Recently, Chevy announced that the 2016 Bolt will have a range of 200miles or roughly 320kms on a charge and allow for a full charge in 9 hours on a 240V charger. My current gas vehicle is getting up in years and is showing it’s age. I keep toughing it out for a couple or reasons; it’s paid for, electric cars just don’t have the range for all my needs so I keep it, hoping it will last long enough for the EV range to increase to tolerable levels.
My Nissan Leaf in comparison only does 130km on a charge and that varies on the driver, weather, road conditions, lunar cycles, etc. I need to go downtown later this week. It is approximately 70 kms each way. I’m not even certain I will make it there, let alone back. The reason I worry is that when it gets really cold, when there is any snow on the roads, the range gets cut ridiculously making it hard to feel confident I will actually make it there.
So I don’t go.
Essentially, in the winter, my Leaf is good for groceries, errands, kids activities (not all of them) and things of that nature.
All that said, with a forecasted range of 320kms, even if I cut that in half, I would have enough to make it downtown and back without an increase in blood pressure. I could also, make it to Ottawa and back potentially, assuming I am soft on the pedals and the weather cooperates.
Anything longer, I could rent a car. I have to say, that I’ve driven more than 300 on a trip only once in the last 12 months so I could definitely go all electric.
I would have to get a second charger for the garage however. Not a big deal.
We had our tires changed back from winter to all-seasons. I can absolutely, without confirm that the tires made a huge dent in my range. Before I reset the clock, it was stating 4.1 km/kw. Once the all-season tires were installed, I reset the mileage clock and started to drive home, which is a small but constant uphill over about 5 kms. I easily achieved 5.5 km/kw which was already a huge improvement.
Over the next day, I drove around on a fairly diverse terrain. I even sped up to above my 100km/hr optimal speed and several times actually pushed the car and even with those moment, I registered 6.2 km/kw.
That is almost a 50% improvement in my mileage!!
I’m pretty certain now that the dealership gave me the cheapest possible tires they could not really looking out for their customer at all by giving me some low resistance tires or at least letting me know how important that might be and letting me make a choice.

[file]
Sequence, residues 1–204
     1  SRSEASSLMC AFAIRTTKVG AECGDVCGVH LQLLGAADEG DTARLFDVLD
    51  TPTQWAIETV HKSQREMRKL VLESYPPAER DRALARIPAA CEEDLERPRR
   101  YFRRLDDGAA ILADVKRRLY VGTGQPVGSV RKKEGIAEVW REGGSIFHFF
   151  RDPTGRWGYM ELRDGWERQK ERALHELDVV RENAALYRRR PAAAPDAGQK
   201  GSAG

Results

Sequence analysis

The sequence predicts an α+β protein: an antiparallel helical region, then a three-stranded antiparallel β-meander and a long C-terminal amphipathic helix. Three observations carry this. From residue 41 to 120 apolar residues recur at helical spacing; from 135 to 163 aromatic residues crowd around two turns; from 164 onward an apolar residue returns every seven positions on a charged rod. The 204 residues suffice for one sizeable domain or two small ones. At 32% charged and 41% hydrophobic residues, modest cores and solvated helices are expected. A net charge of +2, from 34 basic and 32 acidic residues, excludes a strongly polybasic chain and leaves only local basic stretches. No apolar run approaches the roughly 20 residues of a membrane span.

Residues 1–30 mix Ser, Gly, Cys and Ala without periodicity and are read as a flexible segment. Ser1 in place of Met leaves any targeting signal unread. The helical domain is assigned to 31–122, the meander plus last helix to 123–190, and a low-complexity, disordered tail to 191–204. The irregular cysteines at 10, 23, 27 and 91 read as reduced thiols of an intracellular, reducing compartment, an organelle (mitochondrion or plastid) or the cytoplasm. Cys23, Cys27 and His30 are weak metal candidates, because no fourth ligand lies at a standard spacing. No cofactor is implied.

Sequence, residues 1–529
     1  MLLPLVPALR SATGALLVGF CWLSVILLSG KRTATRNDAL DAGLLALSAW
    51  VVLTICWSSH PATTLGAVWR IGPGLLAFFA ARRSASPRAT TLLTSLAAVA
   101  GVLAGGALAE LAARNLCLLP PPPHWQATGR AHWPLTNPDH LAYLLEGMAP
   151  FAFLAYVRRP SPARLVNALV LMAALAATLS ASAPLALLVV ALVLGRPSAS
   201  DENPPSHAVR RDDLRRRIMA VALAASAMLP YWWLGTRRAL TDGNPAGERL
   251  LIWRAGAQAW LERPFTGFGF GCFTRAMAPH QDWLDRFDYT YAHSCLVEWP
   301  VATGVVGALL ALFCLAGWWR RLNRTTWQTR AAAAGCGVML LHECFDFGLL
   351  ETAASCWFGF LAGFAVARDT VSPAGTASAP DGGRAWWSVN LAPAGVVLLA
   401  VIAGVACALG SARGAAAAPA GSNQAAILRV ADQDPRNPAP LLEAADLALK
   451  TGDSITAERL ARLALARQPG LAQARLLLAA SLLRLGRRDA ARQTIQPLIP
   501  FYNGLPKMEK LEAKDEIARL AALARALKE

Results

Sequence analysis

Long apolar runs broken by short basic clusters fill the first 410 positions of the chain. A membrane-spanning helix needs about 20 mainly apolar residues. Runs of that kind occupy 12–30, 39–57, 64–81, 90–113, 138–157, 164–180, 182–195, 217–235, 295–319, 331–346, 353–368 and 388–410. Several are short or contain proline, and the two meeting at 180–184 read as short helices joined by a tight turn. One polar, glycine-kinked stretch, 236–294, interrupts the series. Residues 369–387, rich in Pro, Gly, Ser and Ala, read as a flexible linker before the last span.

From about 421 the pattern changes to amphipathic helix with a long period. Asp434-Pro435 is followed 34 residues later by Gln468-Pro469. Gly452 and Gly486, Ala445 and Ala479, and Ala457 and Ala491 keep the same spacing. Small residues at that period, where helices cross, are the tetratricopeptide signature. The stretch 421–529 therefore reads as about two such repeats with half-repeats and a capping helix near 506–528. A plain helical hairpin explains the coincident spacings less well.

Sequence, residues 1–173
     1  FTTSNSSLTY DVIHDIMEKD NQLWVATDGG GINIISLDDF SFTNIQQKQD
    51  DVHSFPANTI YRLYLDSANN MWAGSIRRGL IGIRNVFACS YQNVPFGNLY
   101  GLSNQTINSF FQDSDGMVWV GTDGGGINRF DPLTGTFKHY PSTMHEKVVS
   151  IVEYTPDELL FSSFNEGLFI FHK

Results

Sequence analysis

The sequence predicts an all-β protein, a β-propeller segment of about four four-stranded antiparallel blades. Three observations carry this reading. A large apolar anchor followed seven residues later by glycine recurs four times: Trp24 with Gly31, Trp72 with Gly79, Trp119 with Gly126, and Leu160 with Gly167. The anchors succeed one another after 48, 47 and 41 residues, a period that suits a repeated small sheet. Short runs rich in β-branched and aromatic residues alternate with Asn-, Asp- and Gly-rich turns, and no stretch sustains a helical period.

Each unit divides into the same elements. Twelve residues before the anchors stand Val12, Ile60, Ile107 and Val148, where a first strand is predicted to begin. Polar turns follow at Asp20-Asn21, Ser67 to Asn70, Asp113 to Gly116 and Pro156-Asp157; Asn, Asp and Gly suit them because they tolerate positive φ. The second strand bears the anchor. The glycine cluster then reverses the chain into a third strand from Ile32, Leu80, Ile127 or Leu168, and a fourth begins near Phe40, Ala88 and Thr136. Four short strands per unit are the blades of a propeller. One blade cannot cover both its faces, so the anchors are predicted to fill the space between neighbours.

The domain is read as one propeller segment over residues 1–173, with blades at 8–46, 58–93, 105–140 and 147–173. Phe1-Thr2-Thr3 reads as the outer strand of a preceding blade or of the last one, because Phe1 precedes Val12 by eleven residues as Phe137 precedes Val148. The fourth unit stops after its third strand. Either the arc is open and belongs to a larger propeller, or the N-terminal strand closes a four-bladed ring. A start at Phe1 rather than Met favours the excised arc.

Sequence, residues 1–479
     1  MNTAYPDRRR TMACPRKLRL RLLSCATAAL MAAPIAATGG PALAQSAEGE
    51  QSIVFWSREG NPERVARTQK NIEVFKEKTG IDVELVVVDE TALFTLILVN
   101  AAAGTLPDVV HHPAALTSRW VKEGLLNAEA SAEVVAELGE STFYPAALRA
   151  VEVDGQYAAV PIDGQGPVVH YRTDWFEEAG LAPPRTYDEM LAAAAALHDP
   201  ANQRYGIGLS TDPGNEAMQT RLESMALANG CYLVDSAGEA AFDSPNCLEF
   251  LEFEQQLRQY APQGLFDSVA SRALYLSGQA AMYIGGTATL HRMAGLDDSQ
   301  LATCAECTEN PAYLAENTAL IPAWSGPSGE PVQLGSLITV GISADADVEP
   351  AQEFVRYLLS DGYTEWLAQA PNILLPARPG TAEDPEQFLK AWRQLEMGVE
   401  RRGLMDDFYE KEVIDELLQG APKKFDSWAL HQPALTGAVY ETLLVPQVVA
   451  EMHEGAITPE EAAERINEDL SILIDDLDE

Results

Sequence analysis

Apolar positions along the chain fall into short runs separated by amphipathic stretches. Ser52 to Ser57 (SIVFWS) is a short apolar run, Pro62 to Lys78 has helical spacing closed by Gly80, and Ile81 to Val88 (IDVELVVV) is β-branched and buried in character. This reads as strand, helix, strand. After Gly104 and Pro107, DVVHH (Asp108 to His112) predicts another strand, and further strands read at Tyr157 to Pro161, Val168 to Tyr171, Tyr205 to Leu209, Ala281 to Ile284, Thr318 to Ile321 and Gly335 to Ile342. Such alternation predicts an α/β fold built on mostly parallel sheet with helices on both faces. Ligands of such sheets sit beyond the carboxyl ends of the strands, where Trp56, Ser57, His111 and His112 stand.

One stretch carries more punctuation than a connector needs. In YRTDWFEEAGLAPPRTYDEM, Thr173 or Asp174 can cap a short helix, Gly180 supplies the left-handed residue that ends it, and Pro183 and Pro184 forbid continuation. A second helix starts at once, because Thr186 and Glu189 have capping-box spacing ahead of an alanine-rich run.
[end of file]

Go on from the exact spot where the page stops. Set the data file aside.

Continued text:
Very disappointed. I will be complaining to the dealership this week and hope to be able to afford new tires next winter.
Current range estimates on my Leaf are back where they belong – 160kms.
#Nissan #SpinelliNissan #NissanLeaf
After speaking to someone else with a Leaf who lives relatively nearby, I am inclined to believe that my winter tires are just plain crap. This person has told me they are 87% battery after 77 kms. I would be somewhere around 50%, but probably even less than that.
My guess is that the dealership gave me the cheapest possible tires they could find since they threw the tires in with the purchase of the car. They are probably not low resistance tires.
The good news is that I am having them removed Saturday the 21st. I will take note of the immediate change in range estimate. I will do a test before and immediately after to eliminate any weather differences in my estimates.
Today I decided to take note of a few numbers. I’ve been curious about the actual, real-life range of the Leaf in the winter.
- Some snow on side street but highways are clear
- Heating set to 18C (minimum)
- Winter tires
- Set the cruise control to 102 km/h
- Left the house with 93 kms of range
- Drove 11 kms at 102km/hr
- Had 77 kms left when I got back, essentially using 16km of range to drive 11
So you might be tempted to say, well it is only 5 km off but I would have to point out that it is in fact 45% more than the car expected to use. Huge difference.
Others might say that this was too short a test. I disagree. I’ve been seeing this all winter, I just never wrote down any of the numbers.
The consumption meter stated 4.4 km/kw versus my summer average of 6.5, again, almost a 50% drop. You can take this a little further an estimate that the REAL range of the Leaf in the above conditions is roughly 80km only! THis has changed our use of the car dramatically. Although it still suits our needs nicely, I cannot for example, drop my kids off at the ski hill, go home, return a few hours later without charging the car in between. By my estimate, the two trips would bring me to within 6 kms of an empty battery which is way closer than I want when it is -10C out. Waiting for a tow truck in that cold doesn’t seem like much fun.
Bottom line, I still absolutely love the car, but expect a 50% drop in range in the winter. 20% for the heating, and the rest I have to attribute to the winter tires.